Ordonez, C ; Threlfall, CG ; Livesley, SJ ; Kendal, D ; Fuller, RA ; Davern, M ; van der Ree, R ; Hochuli, DF (ELSEVIER SCI LTD, 2020-02)
    Awareness of the benefits of urban trees has led many cities to develop ambitious targets to increase tree numbers and canopy cover. Policy instruments that guide the planning of cities recognize the need for new governance arrangements to implement this agenda. Urban forests are greatly influenced by the decisions of municipal managers, but there is currently no clear understanding of how municipal managers find support to implement their decisions via new governance arrangements. To fill this knowledge gap, we collected empirical data through interviews with 23 urban forest municipal managers in 12 local governments in Greater Melbourne and regional Victoria, Australia, and analysed these data using qualitative interpretative methods through a governance lens. The goal of this was to understand the issues and challenges, stakeholders, resources, processes, and rules behind the decision-making of municipal managers. Municipal managers said that urban densification and expansion were making it difficult for them to implement their strategies to increase tree numbers and canopy cover. The coordination of stakeholders was more important for managers to find support to implement their decisions than having a bigger budget. The views of the public or wider community and a municipal government culture of risk aversion were also making it difficult for municipal managers to implement their strategies. Decision-making priorities and processes were not the same across urban centres. Lack of space to grow trees in new developments, excessive tree removal, and public consultation, were ideas more frequently raised in inner urban centres, while urban expansion, increased active use of greenspaces, and lack of data/information about tree assets were concerns for outer and regional centres. Nonetheless, inter-departmental coordination was a common theme shared among all cities. Strengthening coordination processes is an important way for local governments to overcome these barriers and effectively implement their urban forest strategies.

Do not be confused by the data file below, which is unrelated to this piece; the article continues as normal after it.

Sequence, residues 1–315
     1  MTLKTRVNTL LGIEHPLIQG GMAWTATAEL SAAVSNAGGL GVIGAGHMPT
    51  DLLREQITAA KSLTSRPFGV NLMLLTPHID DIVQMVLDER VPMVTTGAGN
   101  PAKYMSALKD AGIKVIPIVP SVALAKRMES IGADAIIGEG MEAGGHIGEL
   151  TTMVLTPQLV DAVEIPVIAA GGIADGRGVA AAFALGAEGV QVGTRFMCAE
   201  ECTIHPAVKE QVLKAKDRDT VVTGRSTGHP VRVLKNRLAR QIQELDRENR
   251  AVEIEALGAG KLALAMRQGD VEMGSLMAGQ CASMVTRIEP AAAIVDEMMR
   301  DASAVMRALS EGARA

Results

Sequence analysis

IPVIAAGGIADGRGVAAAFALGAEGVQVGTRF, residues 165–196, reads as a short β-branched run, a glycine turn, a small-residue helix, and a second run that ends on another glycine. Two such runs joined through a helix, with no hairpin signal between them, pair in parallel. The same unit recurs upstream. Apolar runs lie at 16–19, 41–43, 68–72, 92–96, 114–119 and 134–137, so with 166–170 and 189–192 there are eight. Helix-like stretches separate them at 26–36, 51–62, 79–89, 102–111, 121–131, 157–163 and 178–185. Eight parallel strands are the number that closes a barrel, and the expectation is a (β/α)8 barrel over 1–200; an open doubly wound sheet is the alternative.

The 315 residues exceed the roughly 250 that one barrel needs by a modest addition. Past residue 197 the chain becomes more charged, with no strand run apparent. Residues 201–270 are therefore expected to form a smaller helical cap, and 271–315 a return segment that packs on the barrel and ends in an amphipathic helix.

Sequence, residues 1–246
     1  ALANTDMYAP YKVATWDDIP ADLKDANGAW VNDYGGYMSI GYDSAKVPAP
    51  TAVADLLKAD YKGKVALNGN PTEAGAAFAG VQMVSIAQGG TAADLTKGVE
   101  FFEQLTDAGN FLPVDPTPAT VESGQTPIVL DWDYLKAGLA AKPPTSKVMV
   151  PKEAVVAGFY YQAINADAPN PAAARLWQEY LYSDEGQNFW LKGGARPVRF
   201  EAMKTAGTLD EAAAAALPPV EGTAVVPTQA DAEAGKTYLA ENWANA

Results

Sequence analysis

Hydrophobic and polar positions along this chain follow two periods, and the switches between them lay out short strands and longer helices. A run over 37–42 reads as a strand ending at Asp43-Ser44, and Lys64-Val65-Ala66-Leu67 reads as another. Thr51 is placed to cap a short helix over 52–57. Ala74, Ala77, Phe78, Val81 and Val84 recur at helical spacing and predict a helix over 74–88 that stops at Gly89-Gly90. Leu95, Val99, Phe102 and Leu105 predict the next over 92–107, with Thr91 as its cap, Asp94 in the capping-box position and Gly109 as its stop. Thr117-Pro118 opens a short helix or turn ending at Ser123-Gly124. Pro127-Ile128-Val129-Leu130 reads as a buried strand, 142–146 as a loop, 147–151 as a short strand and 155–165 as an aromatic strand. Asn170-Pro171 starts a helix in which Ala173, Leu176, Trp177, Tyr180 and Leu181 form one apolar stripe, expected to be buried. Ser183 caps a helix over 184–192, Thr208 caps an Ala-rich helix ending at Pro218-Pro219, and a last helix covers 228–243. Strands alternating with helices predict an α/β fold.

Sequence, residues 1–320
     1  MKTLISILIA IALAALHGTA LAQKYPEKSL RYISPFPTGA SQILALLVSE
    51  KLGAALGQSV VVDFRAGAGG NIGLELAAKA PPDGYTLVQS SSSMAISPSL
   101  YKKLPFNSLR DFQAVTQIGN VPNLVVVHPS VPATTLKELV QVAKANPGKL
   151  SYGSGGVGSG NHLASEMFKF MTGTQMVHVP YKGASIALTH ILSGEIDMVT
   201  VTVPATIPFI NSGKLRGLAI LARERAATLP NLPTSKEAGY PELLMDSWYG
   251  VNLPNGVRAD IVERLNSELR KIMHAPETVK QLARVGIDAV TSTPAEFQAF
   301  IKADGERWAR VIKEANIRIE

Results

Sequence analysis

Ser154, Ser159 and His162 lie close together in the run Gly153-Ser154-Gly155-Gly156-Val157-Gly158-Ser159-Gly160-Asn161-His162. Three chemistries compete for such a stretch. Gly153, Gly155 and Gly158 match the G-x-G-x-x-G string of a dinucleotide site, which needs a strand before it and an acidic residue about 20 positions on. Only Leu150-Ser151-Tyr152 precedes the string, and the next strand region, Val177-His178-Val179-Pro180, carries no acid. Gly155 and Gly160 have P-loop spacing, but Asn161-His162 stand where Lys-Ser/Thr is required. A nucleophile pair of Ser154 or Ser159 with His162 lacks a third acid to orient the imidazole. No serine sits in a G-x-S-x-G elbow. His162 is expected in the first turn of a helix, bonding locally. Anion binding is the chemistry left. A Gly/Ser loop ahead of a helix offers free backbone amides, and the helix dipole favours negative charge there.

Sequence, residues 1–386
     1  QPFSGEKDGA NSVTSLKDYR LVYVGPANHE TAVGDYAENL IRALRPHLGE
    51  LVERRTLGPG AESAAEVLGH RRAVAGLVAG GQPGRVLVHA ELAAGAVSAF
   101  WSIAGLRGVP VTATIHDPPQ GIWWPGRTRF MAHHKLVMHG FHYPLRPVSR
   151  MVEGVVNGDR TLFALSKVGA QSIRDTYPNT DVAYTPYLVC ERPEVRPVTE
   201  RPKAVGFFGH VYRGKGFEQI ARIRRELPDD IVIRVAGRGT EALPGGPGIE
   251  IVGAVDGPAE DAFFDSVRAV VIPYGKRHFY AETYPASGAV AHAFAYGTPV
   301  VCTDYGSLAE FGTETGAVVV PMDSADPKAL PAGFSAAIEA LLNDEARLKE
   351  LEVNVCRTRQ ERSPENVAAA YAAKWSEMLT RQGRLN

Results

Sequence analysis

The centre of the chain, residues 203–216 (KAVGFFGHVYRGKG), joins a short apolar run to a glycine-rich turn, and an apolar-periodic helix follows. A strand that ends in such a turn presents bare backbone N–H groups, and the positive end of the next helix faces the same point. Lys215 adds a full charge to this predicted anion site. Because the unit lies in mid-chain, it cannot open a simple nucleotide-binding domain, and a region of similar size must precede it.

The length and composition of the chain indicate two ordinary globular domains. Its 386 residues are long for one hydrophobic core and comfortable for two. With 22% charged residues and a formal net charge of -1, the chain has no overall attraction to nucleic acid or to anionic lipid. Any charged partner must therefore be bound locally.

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    Association between network characteristics and bicycle ridership across a large metropolitan region
    Beck, B ; Pettit, C ; Winters, M ; Nelson, T ; VU, HL ; Nice, K ; Seneviratne, S ; Saberi, M (Taylor and Francis Group, 2024)
    Numerous studies have explored associations between bicycle network characteristics and bicycle ridership. However, the majority of these studies have been conducted in inner metropolitan regions and as such, there is limited knowledge on how various characteristics of bicycle networks relate to bicycle trips within and across entire metropolitan regions, and how the size and composition of study regions impact on the association between bicycle network characteristics and bicycle ridership. We conducted a retrospective analysis of household travel survey data and bicycle infrastructure in the Greater Melbourne region, Australia. Seven network metrics were calculated (length of the bicycle network, betweenness centrality, degree centrality, network density, network coverage, intersection density and average weighted slope) and Bayesian spatial models were used to explore associations between these network characteristics and bicycle ridership. We demonstrated that bicycle ridership was associated with several network characteristics, and that these characteristics varied according to the outcome (count of the number of trips made by bike or the proportion of trips made by bike) and the size and characteristics of the study region. These findings challenge the utility of approaches based on spatially modeling network characteristics and bicycle ridership when informing the monitoring and evaluation of bicycle networks. Further efforts are required to be able to quantify network characteristics that reflect the myriad of factors that influence comfort and safety for people of all ages and abilities.
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    Place and Parametricism
    Roudavski, S ; Lee, V ; Burry, M ; Taylor, M ; Malpas, J (Real/Material/Ethereal: The 2nd Annual Design Research Conference, 2019)